KDE: The Highway Ahead
The K Desktop Environment (KDE, see http://www.kde.org/) has already generated a lot of interest, and many individual users and institutions alike are using it as their desktop environment of choice. However, nothing is so good that it doesn't have room for improvement. Since the beginning, we have considered stability more important than sticking to announced dates, so there have been occasional delays when we considered KDE not stable enough for a release. That said, we hope to release KDE 1.1 after one or two beta versions by the end of 1998. This version will contain a number of bug fixes, the much sought-after support for ICQJava, more robustness in the HTML display code and a few new features such as configurable key bindings for the whole desktop. Originally, we had planned to release only bug fixes as version 1.0.1. However, the completed new features have been requested many times and we don't expect to have 2.0 stable for some time, so we want to include everything that is ready. This way, we can move on at full steam after 1.1 is released.
KDE 2.0, the next “official” version, will probably be out in late summer 1999, but this is still uncertain. In the meantime, we will also release a first alpha version of KOffice (discussed below).
We plan substantial rewrites and reorganizations of KDE for version 2.0. This will probably lead to snapshots that are unstable or don't compile, but as always, KDE follows the open-source model closely and makes daily snapshots available via the FTP site and the CVSup server. (CVSup is a software package for distributing and updating source trees from a master repository on a remote server host.)
Another program to be completely rewritten is the mail program KMail. The new version, dubbed KMail 2, will be more robust and flexible with respect to various attachments and feature IMAP support.
Of course, there is not only revolution such as complete rewrites, but also evolution as seen in the continuous development of existing features. More and more configuration modules are being added to the control center and we plan to provide more modules geared specifically toward system administrators. We hope to be able to support both LinuxConf and COAS (Caldera Open Administration System), but are definitely in need of more skilled developers to help in this area.
Another area of improvement is the drag-and-drop protocol where we will switch from our “homegrown” protocol to the XDND protocol, since it will likely become the future drag-and-drop standard on (at least free) UNIX systems and is currently supported by programs written with the JX toolkit. The GNOME developers have indicated that they will also support this protocol, possibly leading to a first point of interoperability between the KDE and GNOME programs.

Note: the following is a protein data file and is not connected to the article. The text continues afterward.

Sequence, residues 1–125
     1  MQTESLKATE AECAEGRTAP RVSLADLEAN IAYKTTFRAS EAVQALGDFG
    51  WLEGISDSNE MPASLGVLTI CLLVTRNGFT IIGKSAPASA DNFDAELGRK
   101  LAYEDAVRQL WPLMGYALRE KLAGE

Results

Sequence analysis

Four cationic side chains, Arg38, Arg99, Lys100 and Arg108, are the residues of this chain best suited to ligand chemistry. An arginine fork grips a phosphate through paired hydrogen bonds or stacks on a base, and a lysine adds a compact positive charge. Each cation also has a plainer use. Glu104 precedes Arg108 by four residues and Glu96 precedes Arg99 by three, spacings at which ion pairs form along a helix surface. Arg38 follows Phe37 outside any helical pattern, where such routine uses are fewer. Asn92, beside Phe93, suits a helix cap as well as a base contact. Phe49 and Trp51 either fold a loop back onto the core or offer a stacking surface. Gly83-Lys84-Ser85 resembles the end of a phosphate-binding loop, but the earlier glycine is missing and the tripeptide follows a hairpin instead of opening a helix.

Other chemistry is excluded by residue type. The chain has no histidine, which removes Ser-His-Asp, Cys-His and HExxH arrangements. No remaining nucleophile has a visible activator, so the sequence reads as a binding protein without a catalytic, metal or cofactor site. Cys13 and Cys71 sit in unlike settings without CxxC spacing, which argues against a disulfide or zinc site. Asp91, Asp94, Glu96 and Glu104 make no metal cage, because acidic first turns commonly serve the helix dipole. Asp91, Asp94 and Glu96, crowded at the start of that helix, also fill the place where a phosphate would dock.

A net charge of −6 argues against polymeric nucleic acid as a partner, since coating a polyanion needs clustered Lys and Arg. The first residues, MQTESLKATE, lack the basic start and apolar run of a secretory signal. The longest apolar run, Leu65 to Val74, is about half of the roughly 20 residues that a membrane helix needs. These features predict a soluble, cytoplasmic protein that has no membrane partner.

We will also make use of some new features provided by version 2.0 of Qt, the toolkit used with KDE. Among these are themes and Unicode support. Themes are something I personally consider less important for a desktop aimed at improving productivity, but I know a lot of users want it and we aim to please. Note that some theme ability is currently in KDE (see e.g., http://kde.themes.org/), but the new code will extend this to single widgets within the application windows.
Plans have been made to tear the window manager engine out of the window manager KWM and put it into the library, so that there can be different window managers to implement a different look-and-feel and still provide the window manager functionality needed by a full-featured KDE desktop.
Unicode (see http://www.unicode.org/) is very important to gain acceptance in the Far East and other areas of the world with scripts containing more than 256 characters. Two Chinese localizations of KDE already exist, but these require a patched X server that combines two character codes transmitted for display into one. With Unicode support, such tricks will not be necessary, as the KDE message files can then contain 16-bit characters directly.